Three ways to learn anything better
We’ve had a beautiful summer but as children and students get stuck into term time once more, it’s time for us all to rethink the different ways we learn in life.
Learning doesn’t stop just because we’ve left school or university – we keep doing it all throughout our lives whether we like it or not. We do it every day in our relationships, at work and as parents. We do it when we settle down to read a novel, have a conversation with a stranger, or watch a documentary on TV. Information is constant and never ending, but fortunately there are ways to enhance our abilities to absorb and retain that information.
With education comes understanding, and with understanding comes the key to a happier and more enlightened life.
Here are our three top tips for enhancing your ability to pick up and process information:
1. Exercise regularly
Both weight lifting and cardiovascular exercise (running, cycling, anything that gets your heart pounding) are known to ward off disease and excess weight, keep our bones strong and our joints supple, and of course keep us physically fit. However, regular exercise has also been found to help improve learning and memory.
The increased oxygen intake and faster circulation helps to move blood around the body and get energy to muscles and organs – especially the brain. Whenever you’re feeling drowsy and sluggish, or you start to sense that afternoon headache creeping up on you, simply take a brisk stroll outside or have a quick run up and down the stairs. One study showed that cognitive processing (the ability to think clearly) and memory can be improved after just 15 minutes of exercise.
You don’t have to be well versed in Zen Buddhism to reap the benefits of meditation. All you need to do is find a quiet spot, get comfortable, close your eyes and breathe deeply. Feel your thoughts wash away from you and focus on the rising and falling of your lungs as you breathe in and out through your nose.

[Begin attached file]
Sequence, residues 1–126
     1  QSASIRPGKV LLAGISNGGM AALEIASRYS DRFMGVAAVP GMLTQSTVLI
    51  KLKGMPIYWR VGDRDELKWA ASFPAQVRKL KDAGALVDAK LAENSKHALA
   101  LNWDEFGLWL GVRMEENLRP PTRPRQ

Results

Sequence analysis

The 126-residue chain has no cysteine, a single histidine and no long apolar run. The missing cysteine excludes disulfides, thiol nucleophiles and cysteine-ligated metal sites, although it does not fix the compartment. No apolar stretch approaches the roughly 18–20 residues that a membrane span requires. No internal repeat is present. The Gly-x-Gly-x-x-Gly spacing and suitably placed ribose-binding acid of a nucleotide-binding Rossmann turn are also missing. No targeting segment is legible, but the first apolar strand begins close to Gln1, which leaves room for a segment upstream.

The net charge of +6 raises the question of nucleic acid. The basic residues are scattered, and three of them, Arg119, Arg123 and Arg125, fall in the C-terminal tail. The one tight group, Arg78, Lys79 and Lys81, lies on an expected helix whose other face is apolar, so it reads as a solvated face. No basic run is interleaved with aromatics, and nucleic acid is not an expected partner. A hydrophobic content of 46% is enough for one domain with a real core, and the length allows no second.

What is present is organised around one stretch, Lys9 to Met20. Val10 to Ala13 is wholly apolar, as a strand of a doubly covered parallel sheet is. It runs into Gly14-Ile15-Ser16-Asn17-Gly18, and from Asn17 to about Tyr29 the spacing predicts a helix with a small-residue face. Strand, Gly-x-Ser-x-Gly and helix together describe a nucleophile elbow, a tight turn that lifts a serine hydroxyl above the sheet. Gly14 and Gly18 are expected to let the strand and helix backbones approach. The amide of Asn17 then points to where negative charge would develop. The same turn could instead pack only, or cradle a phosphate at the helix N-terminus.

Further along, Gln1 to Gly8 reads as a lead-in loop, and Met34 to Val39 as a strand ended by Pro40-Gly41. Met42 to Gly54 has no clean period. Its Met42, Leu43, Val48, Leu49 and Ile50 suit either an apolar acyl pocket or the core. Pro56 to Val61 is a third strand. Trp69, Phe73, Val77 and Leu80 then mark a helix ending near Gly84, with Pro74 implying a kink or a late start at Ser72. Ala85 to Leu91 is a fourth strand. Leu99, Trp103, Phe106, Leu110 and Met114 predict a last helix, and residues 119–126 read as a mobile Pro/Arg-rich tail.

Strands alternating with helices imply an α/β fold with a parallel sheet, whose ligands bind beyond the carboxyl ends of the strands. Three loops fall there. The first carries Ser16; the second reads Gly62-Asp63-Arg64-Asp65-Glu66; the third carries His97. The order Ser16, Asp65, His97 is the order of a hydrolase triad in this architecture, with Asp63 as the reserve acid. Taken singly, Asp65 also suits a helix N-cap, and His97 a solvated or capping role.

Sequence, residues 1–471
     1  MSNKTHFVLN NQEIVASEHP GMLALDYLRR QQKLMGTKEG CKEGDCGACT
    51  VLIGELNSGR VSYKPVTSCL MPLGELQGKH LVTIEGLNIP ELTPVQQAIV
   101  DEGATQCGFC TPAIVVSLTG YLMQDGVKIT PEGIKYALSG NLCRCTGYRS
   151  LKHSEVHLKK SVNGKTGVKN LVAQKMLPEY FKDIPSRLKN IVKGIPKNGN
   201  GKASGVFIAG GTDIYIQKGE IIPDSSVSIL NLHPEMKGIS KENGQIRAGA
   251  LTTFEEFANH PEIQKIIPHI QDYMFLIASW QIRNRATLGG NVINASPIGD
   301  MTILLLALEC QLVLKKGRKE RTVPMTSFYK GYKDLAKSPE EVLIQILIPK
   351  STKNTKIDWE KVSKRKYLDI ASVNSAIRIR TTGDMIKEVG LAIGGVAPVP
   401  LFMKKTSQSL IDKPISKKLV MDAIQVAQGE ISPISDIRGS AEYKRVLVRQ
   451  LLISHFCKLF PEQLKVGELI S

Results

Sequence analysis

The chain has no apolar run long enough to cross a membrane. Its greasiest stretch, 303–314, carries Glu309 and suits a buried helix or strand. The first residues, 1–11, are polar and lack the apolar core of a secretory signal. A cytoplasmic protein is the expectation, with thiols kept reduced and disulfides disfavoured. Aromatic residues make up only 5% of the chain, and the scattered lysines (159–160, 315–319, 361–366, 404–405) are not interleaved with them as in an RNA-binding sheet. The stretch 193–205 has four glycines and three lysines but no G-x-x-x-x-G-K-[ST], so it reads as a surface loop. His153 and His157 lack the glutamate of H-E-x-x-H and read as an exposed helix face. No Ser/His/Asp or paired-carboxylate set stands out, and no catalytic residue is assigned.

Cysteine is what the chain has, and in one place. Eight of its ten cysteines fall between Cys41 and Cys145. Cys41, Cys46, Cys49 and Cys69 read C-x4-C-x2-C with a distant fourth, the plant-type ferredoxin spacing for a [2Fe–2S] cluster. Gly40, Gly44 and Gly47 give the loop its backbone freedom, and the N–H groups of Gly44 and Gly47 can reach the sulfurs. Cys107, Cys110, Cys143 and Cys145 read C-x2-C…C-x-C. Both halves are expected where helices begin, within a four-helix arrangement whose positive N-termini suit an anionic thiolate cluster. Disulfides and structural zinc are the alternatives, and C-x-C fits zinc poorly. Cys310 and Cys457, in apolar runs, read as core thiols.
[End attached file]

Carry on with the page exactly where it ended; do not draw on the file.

Studies show regular meditation can help manage stress, improve memory and increase attention spans – perfect for staying alert during those long morning lectures/meetings/shifts.
3. Drink water
Dehydration is more common than you might think, and it can have a huge impact on your ability to think straight, react quickly and process information efficiently. By the time you’re thirsty, your body is already dehydrated. This is why it is so important to sip water regularly throughout the day, even if you’re not feeling thirsty. Invest in a water bottle to slip into your bag when you’re out for the day, and make the water cooler a regular pit stop when you’re at work.
Fruits and vegetables are surprisingly good sources of water too, so stock up on healthy snacks to supplement your water intake and stay sharp and alert throughout the day.
If learning and education is something you’ve been considering lately, why not talk to a life coach about Personal Development? These sessions can help you reorganise your life, set goals and find realistic ways to achieve your ambitions and improve your self.
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